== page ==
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Ebrahim Raisi: Iran’s Mass Murderer Addressing the UNGA


Ebrahim Raisi, commonly known as the “Butcher of Tehran,” is set to address the United Nations General Assembly, a move that has raised significant controversy and condemnation worldwide. Raisi’s dark past, marked by his involvement in heinous crimes and human rights abuses, should not be allowed to address the international forums. Instead of being allowed to stand before the UNSC, Raisi should be held accountable for his crimes, which include his role in the 1988 massacre of over 30,000 political prisoners in Iran.

One of the most horrifying chapters in Raisi’s history is his involvement in the 1988 massacre of political prisoners in Iran. In that summer, following a fatwa issued by Ayatollah Ruhollah Khomeini, over 30,000 political prisoners, mainly members and supporters of the People’s Mojahedin Organization of Iran (PMOI/MEK), were executed in various Iranian prisons. Raisi, who was serving as Tehran’s Deputy Prosecutor at the time, played a crucial role in this gruesome episode.

Raisi was a member of Tehran’s “Death Commission,” which oversaw the 1988 massacre. These commissions were authorized by Khomeini to execute political prisoners who remained steadfast in their positions. It was a blatant violation of human rights, and even Khomeini’s successor, Grand Ayatollah Hossein-Ali Montazeri, publicly condemned the actions of Raisi and the Death Committee, stating, “The greatest crime committed under the Islamic Republic, for which history will condemn us, has been committed by you. Your (names) will in the future be etched in the annals of history as criminals.”

After the 1988 massacre, Raisi’s ruthless nature gained Khomeini’s trust and propelled him into top positions within the Iranian regime. He was involved in various judicial roles, including Investigator in Masjed Soleiman Prosecutor’s Office, Prosecutor in Karaj Prosecutor’s Office, Karaj Prosecutor, Hamadan Prosecutor, Deputy Prosecutor General of the Tehran Revolutionary Court, and Revolutionary Prosecutor of Tehran. His ascent to power was deeply intertwined with his involvement in the regime’s crimes against humanity.

Raisi’s brutality extended beyond his actions in the 1988 massacre. In a speech at the 23rd National Assembly of Revolutionary Guards (IRGC) Commanders and Officials in 2019, he openly embraced his cruel nature, stating, “We will not cut the fingers of those who are corrupt; we will cut off their entire hand.” Such rhetoric underscores his willingness to use extreme violence to suppress dissent and maintain the regime’s grip on power.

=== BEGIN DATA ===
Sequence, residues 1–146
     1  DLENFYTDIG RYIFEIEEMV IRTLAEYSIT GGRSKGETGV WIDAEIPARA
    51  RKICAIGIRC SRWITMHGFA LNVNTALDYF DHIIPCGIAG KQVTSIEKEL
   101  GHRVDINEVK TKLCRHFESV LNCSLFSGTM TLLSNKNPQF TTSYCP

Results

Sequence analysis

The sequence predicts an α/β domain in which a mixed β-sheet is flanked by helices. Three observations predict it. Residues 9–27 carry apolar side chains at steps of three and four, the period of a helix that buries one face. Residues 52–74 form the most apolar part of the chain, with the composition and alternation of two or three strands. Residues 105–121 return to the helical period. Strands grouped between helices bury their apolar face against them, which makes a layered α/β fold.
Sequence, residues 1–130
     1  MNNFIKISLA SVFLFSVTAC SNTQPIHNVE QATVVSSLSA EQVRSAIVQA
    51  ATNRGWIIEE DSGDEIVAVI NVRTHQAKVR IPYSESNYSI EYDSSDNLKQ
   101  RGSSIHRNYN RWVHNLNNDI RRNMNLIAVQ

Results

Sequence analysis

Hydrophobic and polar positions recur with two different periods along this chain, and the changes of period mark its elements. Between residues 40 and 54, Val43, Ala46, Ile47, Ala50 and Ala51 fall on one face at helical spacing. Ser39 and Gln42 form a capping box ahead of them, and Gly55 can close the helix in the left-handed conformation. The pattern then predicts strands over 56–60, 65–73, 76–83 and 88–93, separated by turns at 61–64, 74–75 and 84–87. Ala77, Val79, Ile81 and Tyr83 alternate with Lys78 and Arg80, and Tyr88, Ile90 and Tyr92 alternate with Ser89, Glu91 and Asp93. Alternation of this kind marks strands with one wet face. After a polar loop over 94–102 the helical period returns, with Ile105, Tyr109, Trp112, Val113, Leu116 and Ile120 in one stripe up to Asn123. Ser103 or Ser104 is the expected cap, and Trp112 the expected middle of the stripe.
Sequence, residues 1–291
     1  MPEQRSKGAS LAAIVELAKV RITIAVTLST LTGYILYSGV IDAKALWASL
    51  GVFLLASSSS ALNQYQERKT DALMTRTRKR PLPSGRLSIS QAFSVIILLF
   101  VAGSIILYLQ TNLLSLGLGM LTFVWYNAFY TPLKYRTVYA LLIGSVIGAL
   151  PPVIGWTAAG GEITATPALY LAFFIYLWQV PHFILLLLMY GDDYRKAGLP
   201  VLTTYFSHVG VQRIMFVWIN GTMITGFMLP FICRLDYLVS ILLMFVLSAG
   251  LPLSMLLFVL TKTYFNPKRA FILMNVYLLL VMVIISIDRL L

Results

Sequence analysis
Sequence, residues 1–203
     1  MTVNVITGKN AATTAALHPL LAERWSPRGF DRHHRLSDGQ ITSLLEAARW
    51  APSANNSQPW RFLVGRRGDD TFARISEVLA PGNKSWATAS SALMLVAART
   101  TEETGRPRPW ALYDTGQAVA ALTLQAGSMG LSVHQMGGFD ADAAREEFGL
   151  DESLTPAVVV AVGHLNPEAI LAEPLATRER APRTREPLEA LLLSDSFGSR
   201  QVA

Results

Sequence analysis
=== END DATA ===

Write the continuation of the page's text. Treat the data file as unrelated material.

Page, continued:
On June 6, 2018, Ali Khamenei appointed Ebrahim Raisi as the head of Iran’s judiciary. Raisi’s role in the 1988 massacre of political prisoners played a pivotal role in his elevation to this position, especially in the aftermath of a nationwide uprising at the beginning of 2018.

The January 2018 uprising, which culminated in the death of numerous activists and the incarceration of thousands, set the stage for Raisi’s ascension to power within the judicial system. This wave of protests was met with extreme violence in November 2019 when the Islamic Revolutionary Guard Corps and other repressive authorities responded with lethal force almost immediately after the demonstrations began. Tragically, in a matter of days, over 1,500 protesters were massacred in the streets and in the prisons, and thousands were once again arrested and subjected to Raisi’s judicial oversight.

Subsequently, Raisi’s trajectory led him to become the President of the Iranian regime, largely due to his harsh measures against regime opponents. In 2022, during another wave of uprisings, the regime’s suppressive forces were responsible for the deaths of more than 700 protesters, with over 30,000 individuals being arrested and subjected to torture.

The imperative for an international investigation becomes evident in light of these egregious human rights violations. Such an inquiry could pave the way for Ebrahim Raisi’s prosecution at the International Criminal Court, delivering long-awaited justice to the victims. The absence of such an investigation and subsequent prosecution would embolden Raisi and the entire Iranian regime, allowing them to operate with a dangerous sense of impunity. This poses a grave threat to the Iranian people and significantly diminishes the prospects of holding accountable those responsible for one of the worst crimes against humanity since World War II.

It is imperative that Western policymakers do not grant legitimacy to the Iranian regime’s brutal crimes on the international stage by providing platforms to a mass murderer like Ebrahim Raisi. Instead, they must act swiftly to investigate the 1988 massacre and hold Raisi accountable for his role in these atrocities. Failure to do so would represent a betrayal of fundamental principles and a grave injustice to the victims and survivors of the 1988 massacre. The international community has a moral obligation to heed the cries for justice and ensure that those responsible for these heinous crimes face the consequences of their actions.